• Bhad Bhabie - 15: Meme, rapper, and trashy guilty pleasure Danielle Bregoli dropped her first official release which is already packed with platinum singles.

  • Fire Is Motion - Audiotree Live Sessions: Still without a full-length, the solo project of Adrian Amador runs through a greatest hits of his emo-tinged indie.

  • Joyce Manor - Million Dollars To Kill Me: Pop-punk icons and known lovers of short songs, have returned for another bite-sized full-length of lovesick pop songs. 

  • Story So Far - Proper Dose: A half-hour expedition of shimmering pop-punk that’s trying its damnedest to hold onto the last remaining moments of summer.

  • Metric - Art of Doubt: Well-polished alternative music that manages to thrive in the seemingly-contradictory position between accessible modernity and throwback-grunge.

  • Mutual Benefit - Thunder Follows The Light: Hopeful, dreamy, ornamental folk music that satiates the ear and soothes the soul.

  • Mudhoney - Digital Garbage: One of the few remaining bastions of the grunge movement continue down their acid-washed, jean-ripped path of muscular distorted rock

  • Ratboys - GL (8-Bit Version): A charming 8-bit rework of GL from earlier this year featuring four songs that sounds like they’ve been taken straight from a long-forgotten NES game.

  • French Montana - No Stylist: A three-pack of excitable trappy bangers from everyone’s favorite Moroccan rapper. 

  • Advance Base - Animal Companionship: Folksy indie tunes with a minimalistic electronic tinge and a delivery that borders on Bill Callahan at times. 

  • Lupe Fiasco - DROGAS WAVE: A feature-length album worth of hyper-lyrical bars spit over brightly-colored beats. 

  • The Devil Wears Prada - Audiotree Live Sessions: Five live songs of emotional and physical restlessness.

  • SOB X RBE - GANGIN II: The last hurrah of the bay area hypebeasts and hyper-lyrical paramedics.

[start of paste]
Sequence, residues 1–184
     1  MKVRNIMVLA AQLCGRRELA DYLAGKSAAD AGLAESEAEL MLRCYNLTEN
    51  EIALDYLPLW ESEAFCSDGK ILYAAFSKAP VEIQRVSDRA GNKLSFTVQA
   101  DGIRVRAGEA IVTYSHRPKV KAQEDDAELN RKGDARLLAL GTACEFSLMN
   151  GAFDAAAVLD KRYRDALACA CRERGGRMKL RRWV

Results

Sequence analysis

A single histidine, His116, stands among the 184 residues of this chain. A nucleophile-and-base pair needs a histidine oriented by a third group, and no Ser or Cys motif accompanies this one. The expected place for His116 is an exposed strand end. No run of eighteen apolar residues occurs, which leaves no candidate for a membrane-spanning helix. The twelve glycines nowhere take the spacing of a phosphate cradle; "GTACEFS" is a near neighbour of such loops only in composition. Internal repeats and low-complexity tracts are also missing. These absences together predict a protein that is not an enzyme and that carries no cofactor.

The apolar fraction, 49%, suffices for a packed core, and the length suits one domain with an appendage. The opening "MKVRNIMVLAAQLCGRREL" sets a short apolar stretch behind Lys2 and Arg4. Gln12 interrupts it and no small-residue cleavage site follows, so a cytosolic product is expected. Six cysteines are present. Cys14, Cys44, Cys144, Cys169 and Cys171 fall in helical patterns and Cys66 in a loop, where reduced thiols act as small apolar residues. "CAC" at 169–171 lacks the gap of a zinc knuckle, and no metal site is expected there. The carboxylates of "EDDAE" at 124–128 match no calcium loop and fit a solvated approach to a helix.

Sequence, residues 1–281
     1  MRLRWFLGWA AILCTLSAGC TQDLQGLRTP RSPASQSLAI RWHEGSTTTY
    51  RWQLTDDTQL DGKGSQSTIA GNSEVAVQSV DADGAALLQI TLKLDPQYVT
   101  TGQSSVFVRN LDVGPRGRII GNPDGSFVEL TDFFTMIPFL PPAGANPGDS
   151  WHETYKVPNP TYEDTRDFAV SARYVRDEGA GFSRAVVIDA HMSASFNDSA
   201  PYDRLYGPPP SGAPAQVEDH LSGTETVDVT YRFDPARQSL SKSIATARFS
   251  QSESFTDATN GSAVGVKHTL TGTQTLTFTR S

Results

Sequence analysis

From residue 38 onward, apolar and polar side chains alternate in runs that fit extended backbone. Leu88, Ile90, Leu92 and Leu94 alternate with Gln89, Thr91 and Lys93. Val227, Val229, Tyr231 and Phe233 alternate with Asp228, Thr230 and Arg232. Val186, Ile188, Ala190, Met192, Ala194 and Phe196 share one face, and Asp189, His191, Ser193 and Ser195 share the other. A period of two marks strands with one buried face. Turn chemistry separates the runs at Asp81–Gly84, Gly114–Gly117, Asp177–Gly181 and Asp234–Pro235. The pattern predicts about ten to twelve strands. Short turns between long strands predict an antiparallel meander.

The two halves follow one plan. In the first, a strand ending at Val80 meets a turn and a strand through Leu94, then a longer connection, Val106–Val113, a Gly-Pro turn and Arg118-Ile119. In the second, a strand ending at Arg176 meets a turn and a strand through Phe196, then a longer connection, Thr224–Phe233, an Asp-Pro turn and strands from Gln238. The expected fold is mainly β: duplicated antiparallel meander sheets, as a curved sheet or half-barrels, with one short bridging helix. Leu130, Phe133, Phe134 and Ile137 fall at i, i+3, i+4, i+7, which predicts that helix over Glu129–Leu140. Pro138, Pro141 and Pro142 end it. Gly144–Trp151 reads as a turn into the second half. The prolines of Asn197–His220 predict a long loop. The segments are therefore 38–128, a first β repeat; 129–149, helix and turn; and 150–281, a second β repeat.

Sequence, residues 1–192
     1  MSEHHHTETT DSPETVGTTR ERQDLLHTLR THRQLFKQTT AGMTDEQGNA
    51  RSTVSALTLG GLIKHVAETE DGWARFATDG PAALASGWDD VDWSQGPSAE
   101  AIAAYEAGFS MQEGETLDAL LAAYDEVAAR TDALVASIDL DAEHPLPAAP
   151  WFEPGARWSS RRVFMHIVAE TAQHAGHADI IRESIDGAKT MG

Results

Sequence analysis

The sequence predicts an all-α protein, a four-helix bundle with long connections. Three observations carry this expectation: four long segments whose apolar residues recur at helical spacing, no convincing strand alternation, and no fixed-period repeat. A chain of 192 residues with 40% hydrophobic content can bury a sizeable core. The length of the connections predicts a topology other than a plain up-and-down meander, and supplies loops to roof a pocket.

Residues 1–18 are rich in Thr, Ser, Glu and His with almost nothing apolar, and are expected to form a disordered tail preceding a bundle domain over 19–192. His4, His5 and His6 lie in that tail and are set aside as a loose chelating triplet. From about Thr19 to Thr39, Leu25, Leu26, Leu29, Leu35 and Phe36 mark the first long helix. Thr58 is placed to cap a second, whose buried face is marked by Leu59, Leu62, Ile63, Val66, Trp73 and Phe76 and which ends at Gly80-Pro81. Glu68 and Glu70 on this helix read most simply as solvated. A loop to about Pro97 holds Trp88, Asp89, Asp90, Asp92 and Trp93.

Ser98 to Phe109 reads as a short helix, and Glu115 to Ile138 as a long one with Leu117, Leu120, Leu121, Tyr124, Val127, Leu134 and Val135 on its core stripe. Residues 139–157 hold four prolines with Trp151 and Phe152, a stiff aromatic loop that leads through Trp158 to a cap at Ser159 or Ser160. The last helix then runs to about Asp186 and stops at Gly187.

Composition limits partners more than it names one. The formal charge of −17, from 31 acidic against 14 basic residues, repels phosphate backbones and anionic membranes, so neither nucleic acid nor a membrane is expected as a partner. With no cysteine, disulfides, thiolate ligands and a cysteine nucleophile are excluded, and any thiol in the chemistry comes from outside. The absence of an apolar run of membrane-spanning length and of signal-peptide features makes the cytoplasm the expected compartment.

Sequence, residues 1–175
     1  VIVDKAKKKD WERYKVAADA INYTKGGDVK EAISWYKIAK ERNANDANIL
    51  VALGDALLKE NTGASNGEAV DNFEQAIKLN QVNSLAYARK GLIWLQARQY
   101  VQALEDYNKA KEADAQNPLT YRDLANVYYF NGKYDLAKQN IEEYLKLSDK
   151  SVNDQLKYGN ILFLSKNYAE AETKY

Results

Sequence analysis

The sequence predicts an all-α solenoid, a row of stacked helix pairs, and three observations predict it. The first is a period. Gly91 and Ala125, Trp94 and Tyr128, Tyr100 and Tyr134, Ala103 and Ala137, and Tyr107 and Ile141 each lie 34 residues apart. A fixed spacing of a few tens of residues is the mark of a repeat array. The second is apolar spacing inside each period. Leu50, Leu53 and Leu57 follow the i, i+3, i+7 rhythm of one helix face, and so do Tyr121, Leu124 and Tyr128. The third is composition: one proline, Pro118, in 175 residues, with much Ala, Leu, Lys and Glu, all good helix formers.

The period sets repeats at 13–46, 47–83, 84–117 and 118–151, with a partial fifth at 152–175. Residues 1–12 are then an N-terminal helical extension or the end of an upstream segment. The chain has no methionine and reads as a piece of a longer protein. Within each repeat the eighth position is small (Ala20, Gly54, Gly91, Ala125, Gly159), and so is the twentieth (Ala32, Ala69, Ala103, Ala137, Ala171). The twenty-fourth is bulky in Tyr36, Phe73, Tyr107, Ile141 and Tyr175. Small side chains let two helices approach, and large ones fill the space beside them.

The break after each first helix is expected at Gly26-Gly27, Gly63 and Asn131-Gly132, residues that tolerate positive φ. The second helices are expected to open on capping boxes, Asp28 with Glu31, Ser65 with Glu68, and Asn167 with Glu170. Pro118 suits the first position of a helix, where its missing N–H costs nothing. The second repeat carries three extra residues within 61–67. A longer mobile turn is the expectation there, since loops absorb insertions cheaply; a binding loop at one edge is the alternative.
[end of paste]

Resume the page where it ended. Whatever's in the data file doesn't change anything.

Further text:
• Logic - YSIV: While most of Young Sinatra IV is exactly what we’ve come to expect from Logic (for better or worse) a full-on Wu-Tang cut and unexpectedly-lively jazz track elevate the tape into the upper-echelon of the rapper’s discography.  

  • Tilian - The Skeptic: Even though it can feel like boneless Dance Gavin Dance at times, Tilian’s voice is so strong that it doesn’t even matter.

  • Beartooth - Disease: Having started music at the age of 14, we’ve now watched Caleb Shomo develop musically for nearly half of his life. Disease is another hardcore, yet melodic development in his aggressive Beartooth project. 

  • Well Wisher - This Is Fine: Personal statements, fears, and concerns recorded directly to shreddy fuzzed-out pop-punk.

  • Marissa Nadler - For My Crimes: Dark and haunted sparsely-instrumental gothic folk Americana.

  • Tim Hecker - Konoyo: Death-ridden soundscapes and long-stretching instrumentals that reflect a trip to Japan, a personal loss, and a meditation on normalcy. 

  • The Living End - Wunderbar: Dressed in leather jackets and accompanying bedhead, the punkabilly standby gives the world 11 hard-charging and anthemic rock tracks.

  • Polyvinyl - Polyvinyl 4-Track Singles Series, Vol. 3: Featuring the likes of Owen, Japanese Breakfast, and Modern Baseball, Polyvinyl’s communal cassette project is now available on all streaming platforms for the entire world to enjoy. 

  • Pixies - Live from the Fallout Shelter: Just one piece of the Surfer Rosa 30th anniversary celebration, Live from the Fallout Shelter features a 40-minute performance of the band in their hungriest form right before fame and success would strike like lightning. 

  • Justus Proffit & Jay Som - Nothing's Changed: A laid-back 11-minute collaboration between indie up-and-comers Justus Proffit and Jay Som. The sound of a crisp fall morning spent mostly in a hammock.

  • Silverstein - The Afterglow / Aquamarine: In a showcase of musical dexterity, Silverstein offers up two renditions of two singles done in both acoustic and electric styles.

  • Hippo Campus - Bambi: Diverse and dancy indie tunes with wonderfully-absurdist electronic elements.

  • Roosevelt - Young Romance: Pivoting from DJ-centered electronica, Marius Lauber contributes more vocals for an album that ands up sounding like a long-lost 80’s classic.

  • Colin Stetson - The First Original Soundtrack Vol. 1: After disturbing me with the soundtrack to Hereditary earlier this year, Colin Stetson has returned for another deeply-reverberating soundtrack for a new Hulu Original about the first group of humans to visit Mars.

  • All Them Witches - ATW: Heavy riffs, bluesy guitar, and confident delivery. Sometimes that’s all you need, and All Them Witches has ‘em in spades on ATW.

  • Doe - Grow Into It:  Cheery and magnetic indie rock that demands to be shouted from rooftops in between PBRs.

In the month of September we also heard brand new singles from Kanye West, Death Cab For Cutie, Clairo, Petal, Indigo De Souza, Ty Segall, Lana Del Rey, Lana Del Rey, Lil Uzi Vert, Cloud Nothings, Action Bronson, Minus The Bear, Unknown Mortal Orchestra, St. Vincent, Broken Social Scene, Lil Baby, Saves The Day, Half Waif, Fleet Foxes, Jaden Smith, Thom Yorke, Kero Kero Bonito, Juicy J, Kurt Vile, Yaeji, Weezer, Open Mike Eagle, The 1975, BADBADNOTGOOD, Cloud Nothings, and Vulfpeck.